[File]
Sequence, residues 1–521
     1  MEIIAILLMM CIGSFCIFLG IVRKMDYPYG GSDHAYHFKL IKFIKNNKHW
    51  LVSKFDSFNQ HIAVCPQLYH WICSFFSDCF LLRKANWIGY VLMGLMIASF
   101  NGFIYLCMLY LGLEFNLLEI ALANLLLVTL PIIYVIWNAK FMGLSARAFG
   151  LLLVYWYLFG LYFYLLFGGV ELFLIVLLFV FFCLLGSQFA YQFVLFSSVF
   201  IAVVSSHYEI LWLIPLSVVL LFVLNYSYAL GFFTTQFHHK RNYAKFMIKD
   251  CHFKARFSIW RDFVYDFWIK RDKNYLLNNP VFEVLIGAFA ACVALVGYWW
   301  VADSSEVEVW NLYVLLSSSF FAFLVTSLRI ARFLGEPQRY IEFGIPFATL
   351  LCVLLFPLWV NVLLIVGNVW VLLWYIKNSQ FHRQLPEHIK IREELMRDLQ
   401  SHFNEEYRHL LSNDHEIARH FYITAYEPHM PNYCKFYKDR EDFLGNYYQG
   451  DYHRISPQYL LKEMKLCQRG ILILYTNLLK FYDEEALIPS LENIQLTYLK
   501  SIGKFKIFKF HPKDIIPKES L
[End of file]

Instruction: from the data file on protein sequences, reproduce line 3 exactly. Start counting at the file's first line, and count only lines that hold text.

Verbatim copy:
    51  LVSKFDSFNQ HIAVCPQLYH WICSFFSDCF LLRKANWIGY VLMGLMIASF